The Wiener Werkstätte (WW) was an association of “artists and artisans” founded in 1903 based on the ideas and needs of its founders Josef Hoffmann und Koloman Moser, who were also professors at the Viennese School of Arts and Crafts. Together with the first financier Fritz Waerndorf, they would make history with an exceptional company.
The story of the WW often excludes the countless female employees who fell into oblivion. Now, for the first time, they will take center stage again.
Much less famous than the Wiener Werkstätte with its wide range of products is the association Wiener Kunst im Hause (Viennese Art in the Home). It was already founded in 1901 by graduates of the School of Arts and Crafts and existed until the 1930s. In some way, it can be considered the forerunner of the WW.
However, as it was much less well connected economically, it was not able to keep up with the new competition of professors and the wealthy haute bourgeoisie.
Jutta Sika and Therese Trethan together with eight other graduates of the School of Arts and Crafts—five men and three women—founded the association “Wiener Kunst im Hause” and, subsequently, also worked for the Wiener Werkstätte as well as for other notable producers.
Artisan, painter, drawing teacher
Jutta Sika was born in Linz in 1877 and died in Vienna in 1964. Her artistic thirst for knowledge was huge: She attended the Education and Research Institute for Graphics in Vienna and, subsequently, studied at the School of Arts and Crafts with painting classes by Koloman Moser as well as ceramics classes by Friedrich Linke.
The scope of her creative work ranged from designs for porcelain, glass, and metal works to fashion, murals, contributions to exhibitions, and the equipment of a pantomime for an artists’ festival to designs for candy containers and Christmas tree decoration for the pastry shop Demel in the 1930s.
In her later years, she more turned to painting and worked as a drawing teacher. For the WW, she designed seven postcards with motifs from Tirol and a Krampus card.
Artisan, fashion designer, painter, specialist teacher
Therese Trethan was born in Vienna in 1879 where she also died in 1957. She studied at the School of Arts and Crafts for five years and attended architecture classes by Oskar Beyer, painting classes by Koloman Moser, and ceramics classes by Friedrich Linke.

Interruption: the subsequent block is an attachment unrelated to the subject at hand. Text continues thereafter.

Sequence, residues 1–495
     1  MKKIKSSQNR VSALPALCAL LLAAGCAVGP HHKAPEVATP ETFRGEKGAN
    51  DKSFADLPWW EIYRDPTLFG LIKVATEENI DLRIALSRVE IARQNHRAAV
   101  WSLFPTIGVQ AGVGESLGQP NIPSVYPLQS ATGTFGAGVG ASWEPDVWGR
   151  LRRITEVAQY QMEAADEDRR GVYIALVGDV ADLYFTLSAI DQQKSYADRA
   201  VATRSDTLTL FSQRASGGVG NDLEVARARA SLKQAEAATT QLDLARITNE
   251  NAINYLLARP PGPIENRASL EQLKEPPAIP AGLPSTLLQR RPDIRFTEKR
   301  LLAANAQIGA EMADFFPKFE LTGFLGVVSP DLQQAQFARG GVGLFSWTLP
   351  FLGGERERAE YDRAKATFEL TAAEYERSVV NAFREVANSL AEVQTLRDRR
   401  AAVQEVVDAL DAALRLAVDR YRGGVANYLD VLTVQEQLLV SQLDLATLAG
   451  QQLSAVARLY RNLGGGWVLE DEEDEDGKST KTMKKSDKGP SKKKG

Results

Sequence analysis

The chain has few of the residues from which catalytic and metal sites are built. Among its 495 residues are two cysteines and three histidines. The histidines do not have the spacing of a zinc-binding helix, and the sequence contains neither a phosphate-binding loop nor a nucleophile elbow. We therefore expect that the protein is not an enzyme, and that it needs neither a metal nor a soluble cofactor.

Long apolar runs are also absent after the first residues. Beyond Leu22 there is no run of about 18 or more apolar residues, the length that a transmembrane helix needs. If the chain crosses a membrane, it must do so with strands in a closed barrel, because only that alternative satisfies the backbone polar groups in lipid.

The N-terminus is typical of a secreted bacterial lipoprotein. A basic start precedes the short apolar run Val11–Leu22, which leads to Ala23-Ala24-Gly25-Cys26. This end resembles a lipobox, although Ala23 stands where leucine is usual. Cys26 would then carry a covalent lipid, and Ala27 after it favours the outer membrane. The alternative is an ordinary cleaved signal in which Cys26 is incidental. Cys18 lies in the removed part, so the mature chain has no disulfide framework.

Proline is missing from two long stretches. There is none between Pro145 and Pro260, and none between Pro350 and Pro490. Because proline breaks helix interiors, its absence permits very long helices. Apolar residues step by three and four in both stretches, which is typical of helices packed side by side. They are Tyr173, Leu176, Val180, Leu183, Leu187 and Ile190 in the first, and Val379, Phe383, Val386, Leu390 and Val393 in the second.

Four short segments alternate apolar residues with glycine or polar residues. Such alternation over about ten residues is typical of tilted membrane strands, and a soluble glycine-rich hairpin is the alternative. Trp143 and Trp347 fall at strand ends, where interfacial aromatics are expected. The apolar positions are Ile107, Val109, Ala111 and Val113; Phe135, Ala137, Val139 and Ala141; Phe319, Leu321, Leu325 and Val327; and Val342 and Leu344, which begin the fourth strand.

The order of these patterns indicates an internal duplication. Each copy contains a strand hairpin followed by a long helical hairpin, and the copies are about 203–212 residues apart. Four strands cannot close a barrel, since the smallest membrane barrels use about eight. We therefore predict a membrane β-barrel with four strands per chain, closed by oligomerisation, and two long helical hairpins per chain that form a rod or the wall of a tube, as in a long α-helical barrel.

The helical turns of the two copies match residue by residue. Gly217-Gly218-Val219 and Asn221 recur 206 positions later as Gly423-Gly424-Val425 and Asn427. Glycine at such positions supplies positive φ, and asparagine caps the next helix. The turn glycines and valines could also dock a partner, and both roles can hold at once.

She was a founding member of the “Wiener Kunst im Hause” and worked for the Wiener Werkstätte for five years. In the program of the WW from 1905 she was listed with her initials as the only woman—a great exception and, consequently, proof of her skills as an artisan and her artistic quality.
Among other things, she painted many objects like boxes, wooden eggs, toys, or also screens designed by Josef Hoffmann and Koloman Moser—which might also have been the reason for her to be mentioned in the work program. In any case, it was a sign of great appreciation for Therese Trethan albeit the path towards artistic emancipation was still long. In 1919, she was finally awarded the title of a “specialist teacher for trade training schools,” proof of her dedication to this field.
Before we draw our full attention to the women artists and their work, we first want to go back to the year of 1897: Vienna is the metropolis of a vibrant empire, the city walls belong to the past and have been replaced by the large project of the Ringstraße (ring road).
The transition and radical change are almost within reach, a group of progressive artists and pioneers is turning towards new ideas and ideals, the Vienna Secession is founded, and a new style is being established throughout Europe—Art Nouveau.
The decorative arts would also be reformed and renewed: As of 1899, the first female teachers were appointed to the School of Arts and Crafts and, for the first time, women were allowed to participate in all specialized classes—also in the ever so important life drawing classes.